A Republican-dominated House panel announced Monday that its investigation into alleged Russian meddling in the 2016 election found no collusion by Trump's presidential campaign.
"We have found no evidence of collusion, coordination or conspiracy between the Trump campaign and the Russians," the majority Republicans on the House Intelligence Committee said in a summary of their report.
The panel also rejected the notion that Moscow had specifically attempted to boost Trump's White House effort, a conclusion reached by the country's top intelligence officials in a January 2017 report.
The summary expressed "concurrence with the Intelligence Community Assessment's Judgments, except with respect (Russia President Vladimir)to Putin's supposed preference for candidate Trump."
The report signaled a move by Republicans on the deeply divided panel to end their year-old investigation, even as committee Democrats, who had yet to see the report, say they need to interview more witnesses.
"After more than a year, the committee has finished its Russia investigation and will now work on completing our report," said panel chair Devin Nunes.
"We hope our findings and recommendations will be useful for improving security and integrity for the 2018 midterm elections."
Adam Schiff, the senior Democrat on the panel, said the move came under pressure from the White House, where Trump and close advisors face a separate collusion investigation by the Justice Department's independent prosecutor Robert Mueller.
"While the majority members of our committee have indicated for some time that they have been under great pressure to end the investigation, it is nonetheless another tragic milestone for this Congress, and represents yet another capitulation to the executive branch," Schiff said in a statement.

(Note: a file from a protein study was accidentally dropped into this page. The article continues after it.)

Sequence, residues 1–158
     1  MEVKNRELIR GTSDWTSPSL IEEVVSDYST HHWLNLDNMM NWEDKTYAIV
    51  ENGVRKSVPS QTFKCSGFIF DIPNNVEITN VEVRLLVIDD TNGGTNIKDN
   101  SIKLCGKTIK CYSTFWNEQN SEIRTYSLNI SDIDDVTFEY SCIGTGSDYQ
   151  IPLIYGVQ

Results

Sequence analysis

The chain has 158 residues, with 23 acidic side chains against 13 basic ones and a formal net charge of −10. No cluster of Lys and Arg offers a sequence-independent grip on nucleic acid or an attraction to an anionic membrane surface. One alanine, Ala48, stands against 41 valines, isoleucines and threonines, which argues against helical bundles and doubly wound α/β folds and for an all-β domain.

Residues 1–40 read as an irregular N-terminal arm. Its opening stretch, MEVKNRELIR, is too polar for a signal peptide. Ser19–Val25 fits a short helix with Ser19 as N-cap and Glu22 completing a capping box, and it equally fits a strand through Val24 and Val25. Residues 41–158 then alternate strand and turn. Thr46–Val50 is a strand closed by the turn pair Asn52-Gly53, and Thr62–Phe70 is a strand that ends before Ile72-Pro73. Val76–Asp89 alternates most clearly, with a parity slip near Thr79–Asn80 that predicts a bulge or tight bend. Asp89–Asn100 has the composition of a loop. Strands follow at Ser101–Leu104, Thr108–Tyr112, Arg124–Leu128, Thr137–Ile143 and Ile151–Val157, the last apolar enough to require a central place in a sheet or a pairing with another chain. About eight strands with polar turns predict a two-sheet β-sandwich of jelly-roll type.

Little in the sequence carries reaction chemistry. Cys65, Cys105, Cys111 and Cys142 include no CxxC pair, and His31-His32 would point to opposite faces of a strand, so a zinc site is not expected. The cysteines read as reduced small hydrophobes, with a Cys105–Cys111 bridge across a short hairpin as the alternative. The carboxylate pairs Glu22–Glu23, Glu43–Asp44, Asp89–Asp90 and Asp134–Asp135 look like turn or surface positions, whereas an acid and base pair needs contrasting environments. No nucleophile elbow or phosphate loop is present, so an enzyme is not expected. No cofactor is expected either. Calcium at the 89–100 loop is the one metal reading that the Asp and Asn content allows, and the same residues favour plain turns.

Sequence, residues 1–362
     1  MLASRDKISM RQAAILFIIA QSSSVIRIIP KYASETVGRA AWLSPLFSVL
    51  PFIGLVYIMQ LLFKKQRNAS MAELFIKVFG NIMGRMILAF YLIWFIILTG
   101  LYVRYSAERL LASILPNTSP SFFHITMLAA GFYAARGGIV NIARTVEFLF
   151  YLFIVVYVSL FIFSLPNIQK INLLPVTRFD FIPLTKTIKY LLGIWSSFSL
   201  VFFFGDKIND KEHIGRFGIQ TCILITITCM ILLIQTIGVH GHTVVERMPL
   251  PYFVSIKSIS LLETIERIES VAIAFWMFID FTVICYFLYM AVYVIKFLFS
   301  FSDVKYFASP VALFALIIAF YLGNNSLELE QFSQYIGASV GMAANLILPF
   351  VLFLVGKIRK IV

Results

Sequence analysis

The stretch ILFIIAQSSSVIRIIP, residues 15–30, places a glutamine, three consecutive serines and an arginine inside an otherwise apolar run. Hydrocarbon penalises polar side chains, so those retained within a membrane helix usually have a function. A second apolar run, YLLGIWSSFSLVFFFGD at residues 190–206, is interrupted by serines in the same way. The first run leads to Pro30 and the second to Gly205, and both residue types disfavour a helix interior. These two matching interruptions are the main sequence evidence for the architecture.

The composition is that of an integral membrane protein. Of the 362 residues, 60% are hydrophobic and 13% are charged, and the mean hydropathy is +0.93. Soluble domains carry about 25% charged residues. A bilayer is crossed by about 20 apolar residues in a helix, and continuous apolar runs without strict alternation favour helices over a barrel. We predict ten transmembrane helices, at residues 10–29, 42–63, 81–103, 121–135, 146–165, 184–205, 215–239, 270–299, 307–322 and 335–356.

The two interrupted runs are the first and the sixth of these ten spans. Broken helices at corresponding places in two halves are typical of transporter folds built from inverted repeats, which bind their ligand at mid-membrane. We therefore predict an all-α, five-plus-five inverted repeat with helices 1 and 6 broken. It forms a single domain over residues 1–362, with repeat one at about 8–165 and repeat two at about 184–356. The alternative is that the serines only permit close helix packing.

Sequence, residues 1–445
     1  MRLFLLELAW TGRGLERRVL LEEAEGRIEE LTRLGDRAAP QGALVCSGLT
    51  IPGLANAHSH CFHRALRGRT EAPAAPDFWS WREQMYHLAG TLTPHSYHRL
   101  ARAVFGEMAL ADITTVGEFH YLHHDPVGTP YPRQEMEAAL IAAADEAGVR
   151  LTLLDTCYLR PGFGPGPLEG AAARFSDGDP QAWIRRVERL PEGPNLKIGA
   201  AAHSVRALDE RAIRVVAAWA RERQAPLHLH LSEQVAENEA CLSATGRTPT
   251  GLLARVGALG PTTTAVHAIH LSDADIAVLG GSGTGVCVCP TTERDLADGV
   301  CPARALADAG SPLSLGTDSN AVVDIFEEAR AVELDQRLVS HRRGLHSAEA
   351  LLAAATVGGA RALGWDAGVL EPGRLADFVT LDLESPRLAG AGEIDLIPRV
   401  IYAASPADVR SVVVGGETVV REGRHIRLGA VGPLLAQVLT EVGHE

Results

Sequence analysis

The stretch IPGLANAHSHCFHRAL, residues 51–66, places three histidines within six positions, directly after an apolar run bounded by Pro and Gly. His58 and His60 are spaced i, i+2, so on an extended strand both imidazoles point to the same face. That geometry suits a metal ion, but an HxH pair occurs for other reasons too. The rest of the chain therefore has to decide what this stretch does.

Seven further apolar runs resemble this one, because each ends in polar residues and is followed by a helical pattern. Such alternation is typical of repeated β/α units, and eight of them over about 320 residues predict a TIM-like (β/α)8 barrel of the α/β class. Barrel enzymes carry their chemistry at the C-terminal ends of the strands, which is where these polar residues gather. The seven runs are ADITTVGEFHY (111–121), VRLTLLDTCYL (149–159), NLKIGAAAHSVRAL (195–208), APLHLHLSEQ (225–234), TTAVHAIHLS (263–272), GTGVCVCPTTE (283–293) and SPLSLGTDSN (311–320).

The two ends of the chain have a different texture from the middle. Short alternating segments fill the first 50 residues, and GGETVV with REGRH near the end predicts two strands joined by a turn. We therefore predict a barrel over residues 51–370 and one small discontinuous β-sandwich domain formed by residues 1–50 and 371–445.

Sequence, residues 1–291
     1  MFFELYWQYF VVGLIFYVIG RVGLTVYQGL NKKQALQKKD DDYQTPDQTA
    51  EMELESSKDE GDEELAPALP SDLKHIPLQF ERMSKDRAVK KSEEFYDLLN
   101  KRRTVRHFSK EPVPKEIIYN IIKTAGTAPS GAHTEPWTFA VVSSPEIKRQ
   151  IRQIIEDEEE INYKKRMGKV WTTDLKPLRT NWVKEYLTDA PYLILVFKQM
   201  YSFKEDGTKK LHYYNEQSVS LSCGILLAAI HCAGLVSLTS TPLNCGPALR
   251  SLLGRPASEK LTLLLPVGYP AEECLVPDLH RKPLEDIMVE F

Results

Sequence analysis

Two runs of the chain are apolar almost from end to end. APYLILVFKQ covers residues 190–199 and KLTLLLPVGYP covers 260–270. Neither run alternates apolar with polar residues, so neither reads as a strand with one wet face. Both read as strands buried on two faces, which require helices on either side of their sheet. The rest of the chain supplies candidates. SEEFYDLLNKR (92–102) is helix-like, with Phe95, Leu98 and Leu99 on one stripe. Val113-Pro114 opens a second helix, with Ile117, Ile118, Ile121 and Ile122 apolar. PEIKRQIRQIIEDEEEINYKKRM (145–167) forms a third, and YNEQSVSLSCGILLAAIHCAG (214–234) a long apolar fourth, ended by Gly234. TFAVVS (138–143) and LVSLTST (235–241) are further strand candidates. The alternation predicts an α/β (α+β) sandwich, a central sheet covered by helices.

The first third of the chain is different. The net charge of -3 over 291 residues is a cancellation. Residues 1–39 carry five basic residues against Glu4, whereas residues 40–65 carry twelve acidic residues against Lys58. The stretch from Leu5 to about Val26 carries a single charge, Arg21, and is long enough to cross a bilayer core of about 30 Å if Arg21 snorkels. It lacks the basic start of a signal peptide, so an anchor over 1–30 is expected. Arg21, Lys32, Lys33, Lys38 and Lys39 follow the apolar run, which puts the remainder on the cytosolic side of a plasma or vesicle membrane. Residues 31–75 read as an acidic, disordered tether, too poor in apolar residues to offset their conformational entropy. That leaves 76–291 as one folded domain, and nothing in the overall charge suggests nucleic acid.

"We have learned a great deal about countless secret meetings, conversations and communications between Trump campaign officials and the Russians, all of which the Trump Administration initially denied," he added.
"The majority was not willing to pursue the facts wherever they would lead."
The committee has been riven from the beginning.
Nunes, a close supporter of the president, sought with some success to turn it into an investigation of the previous administration of Barack Obama, whom he and Trump accused of illegally spying on the Republican's campaign.
Nunes was even suspended by Congress for a time for making covert trips to the White House to share materials relevant to the probe.
The summary of the committee report turned the focus to the Democrats.
It made no mention of the alleged theft and leaks by Russians of embarrassing documents and communications from the campaign of Trump rival Hillary Clinton in mid-2016, which top US intelligence officials have stated as a fact.
Instead, it flipped that allegation on its head by claiming that anti-Trump research "made its way from Russian sources to the Clinton campaign."
And it criticized the Obama administration for "a lackluster pre-election response to Russian active measures."
Even if the House probe closes, the Senate Intelligence Committee is still investigating alleged collusion with Russia.
The two parties are cooperating more closely there, though the Republicans have made a similar effort to turn attention to the Obama administration.
Mueller meanwhile has pushed aggressively, indicting several former top Trump aides as he develops evidence of extensive contacts between the campaign and Russia.
He is also investigating whether Trump has tried to obstruct the investigation, and is said to be discussing with White House lawyers whether the president himself will agree to be interviewed.